One of the most common indicators of stress is when our shoulders creep up closer and closer to our ears. You know what I’m talking about, you’ve been sitting at the computer for hours trying to make that deadline or you’re frustrated with your coworker, spouse or child. All of a sudden you realize that your neck has disappeared!
Levator scapulae is the muscle largely responsible for elevating the scapula, also commonly referred to as the shoulder blade. What makes it such a key stress muscle is that besides attaching to the scapula it also attaches to the top four vertebrae in the neck.
There are so many various muscles that attach to the vertebrae in your neck (upper cervical vertebrae), that one stressed muscle can easily cause a domino effect. Other potentially affected muscles include:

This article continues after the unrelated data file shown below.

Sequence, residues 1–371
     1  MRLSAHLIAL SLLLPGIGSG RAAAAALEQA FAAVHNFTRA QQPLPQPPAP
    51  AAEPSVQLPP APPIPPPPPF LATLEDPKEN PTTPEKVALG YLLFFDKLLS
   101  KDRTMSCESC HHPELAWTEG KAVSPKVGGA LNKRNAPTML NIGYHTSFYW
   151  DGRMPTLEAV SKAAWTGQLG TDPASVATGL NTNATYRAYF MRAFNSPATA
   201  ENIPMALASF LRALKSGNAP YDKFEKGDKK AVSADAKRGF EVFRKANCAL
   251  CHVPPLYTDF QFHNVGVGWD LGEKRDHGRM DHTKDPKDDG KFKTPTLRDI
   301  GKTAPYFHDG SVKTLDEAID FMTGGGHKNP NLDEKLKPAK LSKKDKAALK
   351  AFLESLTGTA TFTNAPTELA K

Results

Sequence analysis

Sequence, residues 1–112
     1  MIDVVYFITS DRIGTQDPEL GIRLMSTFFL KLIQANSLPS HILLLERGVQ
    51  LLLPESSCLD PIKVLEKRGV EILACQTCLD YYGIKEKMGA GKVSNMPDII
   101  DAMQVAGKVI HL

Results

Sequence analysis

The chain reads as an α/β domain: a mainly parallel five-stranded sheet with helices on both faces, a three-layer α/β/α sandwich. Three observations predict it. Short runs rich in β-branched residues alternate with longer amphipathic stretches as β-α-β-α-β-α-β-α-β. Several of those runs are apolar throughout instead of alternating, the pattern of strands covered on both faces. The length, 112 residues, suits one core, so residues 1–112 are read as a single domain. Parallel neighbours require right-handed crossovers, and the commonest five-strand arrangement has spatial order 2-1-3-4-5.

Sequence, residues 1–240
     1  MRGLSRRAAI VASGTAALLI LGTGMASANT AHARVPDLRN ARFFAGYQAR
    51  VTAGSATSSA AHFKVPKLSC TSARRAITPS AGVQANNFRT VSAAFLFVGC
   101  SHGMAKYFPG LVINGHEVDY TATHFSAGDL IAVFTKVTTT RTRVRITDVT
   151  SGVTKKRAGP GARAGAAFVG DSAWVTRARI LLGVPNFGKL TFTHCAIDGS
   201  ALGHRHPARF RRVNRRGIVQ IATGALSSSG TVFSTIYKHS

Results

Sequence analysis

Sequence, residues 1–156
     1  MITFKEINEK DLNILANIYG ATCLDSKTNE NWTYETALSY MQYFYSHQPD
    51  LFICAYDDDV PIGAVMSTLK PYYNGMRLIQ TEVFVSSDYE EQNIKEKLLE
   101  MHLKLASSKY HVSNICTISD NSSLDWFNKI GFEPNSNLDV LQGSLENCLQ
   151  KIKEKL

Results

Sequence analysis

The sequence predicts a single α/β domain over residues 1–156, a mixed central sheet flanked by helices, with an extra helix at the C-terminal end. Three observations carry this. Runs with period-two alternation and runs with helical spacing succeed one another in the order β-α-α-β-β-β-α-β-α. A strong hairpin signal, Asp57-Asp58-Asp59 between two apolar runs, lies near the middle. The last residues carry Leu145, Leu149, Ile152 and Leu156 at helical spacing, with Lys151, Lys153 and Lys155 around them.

These muscles are responsible for:
This muscle group is responsible for maintaining posture and for movement of the head and the vertebral column.
So many muscles in such a small area and they’re all so inseparably connected!
When you are complaining about a sore neck you use words like, “My neck hurts!” and not “My longissimus cervicis hurts!”
In simple terms, strained levator scapulae can manifest itself through discomfort in other areas that control the movement of the head and neck.
The best thing you can do to avoid stressing the levator scapulae is to be conscientious of your shoulders in relation to your ears. Keep your neck long! In addition, gentle neck stretches leaning forward and to the sides while taking deep deliberate breaths help relieve temporary stress. Massaging the upper cervicals on either side can also be very beneficial.
While these self-care tips can be used on a daily basis, they are no substitute for regular professional treatments and massage protocols.